Hans Joerg Butt



The Germany international holds the distinction of having scored against Juventus for three different clubs in the Champions League, the most recent goal against the Bianconeri coming in the vital win for Bayern Munich in December 2009. Butt has been made infamous in video thanks to the predicament in which he found himself after scoring for Bayer Leverkusen in April 2004. He scored a penalty but could only watch on as Mike Hanke, of Schalke, scored straight from the kick-off as the Werkself failed to complete their celebrations in time. In all, Butt has scored 29 times for Hamburg, Bayer and Bayern and remains first choice at the Allianz Arena.
 

Rene Higuita



Jailed for his part in a kidnapping involving two of Colombia's most notorious drug lords, Rene Higuita is one of the most 'colourful' characters ever to have played the game. He won 68 caps for Colombia, scoring eight times in the process. That return gives him a better international strike rate than Emile Heskey. He played at the World Cup in 1990 and gained infamy for his outfield dawdling prior to Roger Milla's goal for Cameroon which knocked the South Americans out of the tournament. At club level he played most consistently for Atletico Nacional, winning a Copa Libertadores in 1989. Throughout his career, which ended in January at the age of 43, he netted 38 strikes across 13 clubs. 'El Loco' also invented the Scorpion Kick at Wembley in 1995 from a misplaced Jamie Redknapp cross and served a ban for testing positive for cocaine. Surely a candidate for a film biopic.



Jimmy Glass

Not the most prolific of candidates on the list but his goal certainly had the most profound effect on the club for which he scored his solitary professional strike. Carlisle United were heading out of league football towards the end of the 1998-99 season. They signed Glass on loan from Swindon Town as emergency cover following the departure of two other shot-stoppers on their books. In their final match of the term, against Plymouth Argyle, Carlisle needed a win to avoid the drop out of the Football League. Deep into injury time, they got a corner, for which Glass went forward. Following a scramble he volleyed home, saving his club from the doom of relegation with the last kick of the season, sparking euphoric scenes at Brunton Park. He only played three matches for Carlisle but established himself as a hero in that space of time thanks to his unforgettable contribution. Truly, the stuff of fantasy.
 

Jose Luis Chilavert



The first goalkeeper ever to score a hat-trick was hugely successful throughout his long and often controversial career, earning respect as a renowned free-kick specialist. For the Paraguay national team he racked up an impressive eight goals, including four in the qualification campaign for the 2002 World Cup, and enjoyed nine fruitful seasons in Argentina with Velez Sarsfield, for whom he scored close to 50 goals. He won four league titles, a Copa Libertadores as well as an Intercontinental Cup against Milan in 1994. He created history alongside River Plate's Roberto Bonano in 2000 when both 'keepers scored in the same Libertadores game. The former Strasbourg custodian was never far from the eye of a storm, refusing to play for Paraguay at the 1999 Copa America as he believed his country's government was not spending enough money on education. He also spat on Roberto Carlos and demanded Brazil give back land claimed after the War of the Triple Alliance in the 19th century after accusing the diminutive full-back of racism in a 2002 qualifier. A character, to be sure.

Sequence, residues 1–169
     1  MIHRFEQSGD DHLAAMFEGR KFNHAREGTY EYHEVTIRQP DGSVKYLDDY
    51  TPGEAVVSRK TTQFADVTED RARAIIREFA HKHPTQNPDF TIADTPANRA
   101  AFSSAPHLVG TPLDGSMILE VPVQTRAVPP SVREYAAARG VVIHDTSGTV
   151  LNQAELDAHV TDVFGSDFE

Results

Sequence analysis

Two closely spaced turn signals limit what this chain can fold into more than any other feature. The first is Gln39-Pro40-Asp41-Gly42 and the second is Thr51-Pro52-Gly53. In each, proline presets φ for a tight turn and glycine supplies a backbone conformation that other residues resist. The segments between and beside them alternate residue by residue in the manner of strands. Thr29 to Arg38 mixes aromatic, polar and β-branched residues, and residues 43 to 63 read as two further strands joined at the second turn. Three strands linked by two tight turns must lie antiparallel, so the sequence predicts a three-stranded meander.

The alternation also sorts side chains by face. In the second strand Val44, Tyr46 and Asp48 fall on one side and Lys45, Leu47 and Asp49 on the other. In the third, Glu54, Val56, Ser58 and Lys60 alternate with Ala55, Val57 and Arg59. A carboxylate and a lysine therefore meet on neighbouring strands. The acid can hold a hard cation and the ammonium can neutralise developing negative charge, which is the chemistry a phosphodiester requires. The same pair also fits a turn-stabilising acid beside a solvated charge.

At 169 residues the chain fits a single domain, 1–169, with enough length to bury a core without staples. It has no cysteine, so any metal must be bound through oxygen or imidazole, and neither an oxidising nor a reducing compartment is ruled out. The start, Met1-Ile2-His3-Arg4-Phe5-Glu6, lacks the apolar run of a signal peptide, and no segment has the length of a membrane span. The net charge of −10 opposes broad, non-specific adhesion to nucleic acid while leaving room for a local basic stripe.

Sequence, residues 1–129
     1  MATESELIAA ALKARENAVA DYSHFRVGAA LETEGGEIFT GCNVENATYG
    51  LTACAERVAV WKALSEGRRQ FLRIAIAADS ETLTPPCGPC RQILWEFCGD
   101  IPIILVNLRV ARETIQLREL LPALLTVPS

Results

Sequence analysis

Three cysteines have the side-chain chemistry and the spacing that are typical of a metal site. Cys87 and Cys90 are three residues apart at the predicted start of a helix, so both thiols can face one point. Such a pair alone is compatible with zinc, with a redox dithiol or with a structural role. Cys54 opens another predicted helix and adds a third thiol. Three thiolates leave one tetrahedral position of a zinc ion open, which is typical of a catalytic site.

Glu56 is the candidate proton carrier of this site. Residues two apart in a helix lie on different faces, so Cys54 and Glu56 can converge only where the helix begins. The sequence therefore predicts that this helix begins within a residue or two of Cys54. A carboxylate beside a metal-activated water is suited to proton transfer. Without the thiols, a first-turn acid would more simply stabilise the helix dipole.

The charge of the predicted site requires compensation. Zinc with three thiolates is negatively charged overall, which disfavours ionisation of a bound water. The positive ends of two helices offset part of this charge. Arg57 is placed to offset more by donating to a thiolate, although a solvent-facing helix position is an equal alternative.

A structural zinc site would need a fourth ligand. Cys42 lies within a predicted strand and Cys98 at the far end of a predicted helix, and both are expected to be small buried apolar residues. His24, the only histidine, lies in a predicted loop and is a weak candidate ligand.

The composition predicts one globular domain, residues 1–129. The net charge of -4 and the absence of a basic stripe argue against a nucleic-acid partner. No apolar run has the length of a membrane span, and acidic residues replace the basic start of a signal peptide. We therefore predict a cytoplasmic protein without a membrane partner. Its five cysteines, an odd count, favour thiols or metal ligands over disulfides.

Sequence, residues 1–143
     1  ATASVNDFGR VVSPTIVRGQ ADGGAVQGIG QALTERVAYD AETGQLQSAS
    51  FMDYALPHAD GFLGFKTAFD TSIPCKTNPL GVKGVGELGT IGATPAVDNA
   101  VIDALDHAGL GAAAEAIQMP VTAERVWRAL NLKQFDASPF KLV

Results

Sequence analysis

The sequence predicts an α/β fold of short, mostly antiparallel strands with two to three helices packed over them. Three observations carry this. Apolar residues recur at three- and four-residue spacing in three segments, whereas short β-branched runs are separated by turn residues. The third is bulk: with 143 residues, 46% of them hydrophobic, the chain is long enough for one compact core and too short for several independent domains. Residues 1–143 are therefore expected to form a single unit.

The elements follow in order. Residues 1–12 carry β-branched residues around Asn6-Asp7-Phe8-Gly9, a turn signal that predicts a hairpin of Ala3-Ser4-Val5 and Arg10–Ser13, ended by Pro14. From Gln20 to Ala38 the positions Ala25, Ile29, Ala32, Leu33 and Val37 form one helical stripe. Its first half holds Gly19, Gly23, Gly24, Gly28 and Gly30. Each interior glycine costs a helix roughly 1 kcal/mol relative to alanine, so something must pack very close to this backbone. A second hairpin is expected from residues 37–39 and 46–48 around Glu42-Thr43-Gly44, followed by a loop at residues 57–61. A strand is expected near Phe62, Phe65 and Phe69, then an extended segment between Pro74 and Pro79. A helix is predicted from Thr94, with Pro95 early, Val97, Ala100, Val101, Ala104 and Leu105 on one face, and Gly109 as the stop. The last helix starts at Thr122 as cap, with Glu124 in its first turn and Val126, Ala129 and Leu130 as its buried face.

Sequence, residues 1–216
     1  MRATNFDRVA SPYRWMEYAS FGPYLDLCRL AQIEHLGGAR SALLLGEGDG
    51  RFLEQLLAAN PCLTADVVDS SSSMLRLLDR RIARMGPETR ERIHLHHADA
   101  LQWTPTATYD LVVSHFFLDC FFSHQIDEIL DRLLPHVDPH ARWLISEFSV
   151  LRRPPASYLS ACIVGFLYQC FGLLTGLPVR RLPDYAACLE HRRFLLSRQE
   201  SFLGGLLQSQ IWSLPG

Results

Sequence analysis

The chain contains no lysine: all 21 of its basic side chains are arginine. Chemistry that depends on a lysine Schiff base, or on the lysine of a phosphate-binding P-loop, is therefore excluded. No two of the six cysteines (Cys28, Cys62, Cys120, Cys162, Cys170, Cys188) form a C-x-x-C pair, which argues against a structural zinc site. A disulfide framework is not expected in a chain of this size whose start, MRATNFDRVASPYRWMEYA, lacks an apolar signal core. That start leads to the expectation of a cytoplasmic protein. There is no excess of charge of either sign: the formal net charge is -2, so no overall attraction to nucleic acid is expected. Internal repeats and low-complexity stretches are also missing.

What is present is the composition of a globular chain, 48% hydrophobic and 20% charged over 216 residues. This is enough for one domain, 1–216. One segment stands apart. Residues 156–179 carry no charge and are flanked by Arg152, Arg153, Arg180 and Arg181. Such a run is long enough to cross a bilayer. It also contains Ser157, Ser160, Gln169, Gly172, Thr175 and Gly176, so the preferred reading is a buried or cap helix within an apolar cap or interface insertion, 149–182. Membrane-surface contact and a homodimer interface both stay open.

Rogerio Ceni



The undisputed king of the goalscoring goalkeepers. No other netminder has registered more at the other end than Ceni. The Brazil international has played over 900 times for Sao Paulo and holds the record for goals scored in the Copa Libertadores for his club. Now of course he also has the milestone of being the first keeper to 100 goals. In 2006 in a league game against Cruzeiro he saved a penalty while 2-0 down. Minutes later he scored through a free-kick and later levelled the match with a penalty. In a long, illustrious career, Ceni has claimed two Copa Libertadores titles, three Brazilian leagues and a World Club Championship against Liverpool in 2005.
 

Follow Goal.com on . Get the latest football news direct... Check out Goal.com's  page; be part of the best football fan community in the world!

Related